A high-protein diet may help prevent fatty liver

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Non-alcoholic fatty liver disease is the most common chronic liver disease in the world, with sometimes life-threatening consequences.

In a new study from Deutsches Zentrum fuer Diabetesforschung, researchers found a high-protein, calorie-reduced diet can cause the harmful liver fat to melt away — more effectively than a low-protein diet.

Non-alcoholic fatty liver disease is characterized by a build-up of fat in the liver and is often associated with obesity, type 2 diabetes, high blood pressure and lipid disorders.

If left untreated, fatty liver can lead to cirrhosis with life-threatening consequences.

The causes of the disease range from an unhealthy lifestyle — that is, eating too many high-fat, high-sugar foods and lack of exercise — to genetic components.

In the study, the team examined how the protein content of food influences the amount of liver fat in obese people with a non-alcoholic fatty liver.

For this, 19 participants were assigned to either a diet with a high or low protein content for three weeks. Subsequently, surgery to treat obesity (bariatric surgery) was carried out and liver samples were collected.

The team showed that a calorie-reduced, high-protein diet decreased liver fat more effectively than a calorie-reduced, low-protein diet: while the liver-fat content in the high-protein group decreased by around 40%, the amount of fat in the liver samples of the low-protein group remained unchanged.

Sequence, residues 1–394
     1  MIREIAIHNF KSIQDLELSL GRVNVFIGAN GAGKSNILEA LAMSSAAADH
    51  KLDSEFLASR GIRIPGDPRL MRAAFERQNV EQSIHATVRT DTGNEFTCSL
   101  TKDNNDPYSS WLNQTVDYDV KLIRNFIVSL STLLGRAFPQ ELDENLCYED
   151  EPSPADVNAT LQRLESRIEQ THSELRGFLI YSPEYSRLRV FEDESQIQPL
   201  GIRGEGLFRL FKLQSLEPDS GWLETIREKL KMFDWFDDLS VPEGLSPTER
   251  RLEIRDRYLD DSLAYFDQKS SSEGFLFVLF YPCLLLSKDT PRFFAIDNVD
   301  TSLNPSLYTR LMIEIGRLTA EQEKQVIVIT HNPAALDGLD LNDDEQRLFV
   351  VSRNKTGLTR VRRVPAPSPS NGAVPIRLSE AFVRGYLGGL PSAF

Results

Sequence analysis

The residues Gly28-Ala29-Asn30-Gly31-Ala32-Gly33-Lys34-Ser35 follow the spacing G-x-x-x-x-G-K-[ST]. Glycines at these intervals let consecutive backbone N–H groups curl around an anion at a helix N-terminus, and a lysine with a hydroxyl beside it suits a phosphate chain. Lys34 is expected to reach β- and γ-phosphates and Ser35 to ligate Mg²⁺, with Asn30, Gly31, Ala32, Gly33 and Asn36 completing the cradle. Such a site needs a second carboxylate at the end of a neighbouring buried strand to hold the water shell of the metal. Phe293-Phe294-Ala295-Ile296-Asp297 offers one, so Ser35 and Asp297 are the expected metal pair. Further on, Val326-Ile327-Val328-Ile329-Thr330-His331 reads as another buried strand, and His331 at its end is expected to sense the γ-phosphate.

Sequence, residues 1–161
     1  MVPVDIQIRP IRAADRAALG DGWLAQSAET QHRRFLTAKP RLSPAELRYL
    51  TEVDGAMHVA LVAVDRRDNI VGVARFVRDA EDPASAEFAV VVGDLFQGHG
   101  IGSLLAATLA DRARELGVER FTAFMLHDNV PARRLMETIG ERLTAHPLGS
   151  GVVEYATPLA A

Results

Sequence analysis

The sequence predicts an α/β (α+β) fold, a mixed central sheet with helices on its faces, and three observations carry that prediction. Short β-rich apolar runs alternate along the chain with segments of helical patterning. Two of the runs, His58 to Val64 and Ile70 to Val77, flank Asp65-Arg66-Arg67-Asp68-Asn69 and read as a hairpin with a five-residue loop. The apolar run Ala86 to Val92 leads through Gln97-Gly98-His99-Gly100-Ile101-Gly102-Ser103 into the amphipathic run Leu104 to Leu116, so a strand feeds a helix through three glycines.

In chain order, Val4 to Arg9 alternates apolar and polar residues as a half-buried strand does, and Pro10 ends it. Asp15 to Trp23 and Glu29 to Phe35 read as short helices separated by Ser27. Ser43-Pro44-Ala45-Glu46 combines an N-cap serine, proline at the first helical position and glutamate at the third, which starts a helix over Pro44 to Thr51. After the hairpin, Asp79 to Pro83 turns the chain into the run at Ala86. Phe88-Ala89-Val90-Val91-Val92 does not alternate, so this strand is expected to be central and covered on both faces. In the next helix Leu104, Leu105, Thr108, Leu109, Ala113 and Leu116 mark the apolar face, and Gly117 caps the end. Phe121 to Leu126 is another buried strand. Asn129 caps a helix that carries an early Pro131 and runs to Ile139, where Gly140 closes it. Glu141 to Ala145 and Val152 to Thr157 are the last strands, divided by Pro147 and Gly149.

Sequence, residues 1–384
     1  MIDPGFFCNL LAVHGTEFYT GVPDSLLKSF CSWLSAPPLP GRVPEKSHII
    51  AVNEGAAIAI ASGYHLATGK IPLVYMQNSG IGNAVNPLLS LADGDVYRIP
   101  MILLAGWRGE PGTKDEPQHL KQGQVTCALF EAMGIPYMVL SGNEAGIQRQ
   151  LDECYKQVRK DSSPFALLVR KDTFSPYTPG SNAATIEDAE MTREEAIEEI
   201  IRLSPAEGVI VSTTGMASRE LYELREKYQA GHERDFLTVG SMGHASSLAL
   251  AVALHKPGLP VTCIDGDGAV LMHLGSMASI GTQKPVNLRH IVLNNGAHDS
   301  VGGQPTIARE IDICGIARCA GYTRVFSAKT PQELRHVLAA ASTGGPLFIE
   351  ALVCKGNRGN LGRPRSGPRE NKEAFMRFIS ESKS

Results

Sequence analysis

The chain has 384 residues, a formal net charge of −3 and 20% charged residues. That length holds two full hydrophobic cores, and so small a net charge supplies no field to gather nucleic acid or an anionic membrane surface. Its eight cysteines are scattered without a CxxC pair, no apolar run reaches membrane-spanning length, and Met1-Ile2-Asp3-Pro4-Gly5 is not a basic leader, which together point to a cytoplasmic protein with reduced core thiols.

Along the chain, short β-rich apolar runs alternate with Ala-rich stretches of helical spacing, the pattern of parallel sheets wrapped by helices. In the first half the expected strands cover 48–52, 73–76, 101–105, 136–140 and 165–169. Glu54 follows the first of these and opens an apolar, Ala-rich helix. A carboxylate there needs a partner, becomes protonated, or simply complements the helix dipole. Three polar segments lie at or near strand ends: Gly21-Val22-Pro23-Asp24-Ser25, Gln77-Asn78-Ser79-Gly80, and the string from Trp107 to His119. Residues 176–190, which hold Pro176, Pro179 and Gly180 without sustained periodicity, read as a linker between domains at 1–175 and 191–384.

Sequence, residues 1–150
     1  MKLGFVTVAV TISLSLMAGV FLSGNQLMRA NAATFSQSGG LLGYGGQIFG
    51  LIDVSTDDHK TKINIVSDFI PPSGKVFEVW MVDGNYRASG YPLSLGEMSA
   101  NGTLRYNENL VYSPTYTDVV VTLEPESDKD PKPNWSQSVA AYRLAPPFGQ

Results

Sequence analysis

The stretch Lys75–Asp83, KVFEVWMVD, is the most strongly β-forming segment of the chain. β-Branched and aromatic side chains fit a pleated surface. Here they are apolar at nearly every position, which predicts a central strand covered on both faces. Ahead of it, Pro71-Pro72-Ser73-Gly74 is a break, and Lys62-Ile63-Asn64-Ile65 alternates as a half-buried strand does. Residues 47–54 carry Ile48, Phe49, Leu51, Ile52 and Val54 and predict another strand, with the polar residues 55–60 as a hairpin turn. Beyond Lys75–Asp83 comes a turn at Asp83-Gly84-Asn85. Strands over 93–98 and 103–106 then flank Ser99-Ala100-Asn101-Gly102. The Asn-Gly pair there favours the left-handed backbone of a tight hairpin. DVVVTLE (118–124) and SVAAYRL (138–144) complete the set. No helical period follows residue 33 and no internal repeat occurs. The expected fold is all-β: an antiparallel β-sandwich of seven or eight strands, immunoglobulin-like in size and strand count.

The study participants in both groups lost a total of around five kilograms.

The researchers assume that the positive effect of the high-protein diet is mainly due to the fact that the uptake, storage and synthesis of fat is suppressed.

This is indicated by extensive genetic analyses of the liver samples.

According to these analyses, numerous genes that are responsible for the absorption, storage and synthesis of fat in the liver were less active after the high-protein diet than after the low-protein diet.

The researchers were also surprised that the blood levels of Fibroblast Growth Factor 21 (FGF21) were lower after the high-protein diet which reduced more liver fat than after the low-protein diet. FGF21 is known to have beneficial effects on metabolic regulation.

The team says if the results continue to be confirmed in larger studies, an increased intake of protein together with a healthy low-fat diet may work as an effective fatty liver therapy.

If you care about liver health, please read studies about this common weed killer linked to human liver disease and findings of 5 big myths about liver detoxing you should know.

For more information about liver disease prevention and treatment, please see recent studies about 7 risk factors for fatty liver disease everyone should know and results showing a new way to predict fatty liver disease.

The study is published in Liver International. One author of the study is Dr. Olga Ramich.

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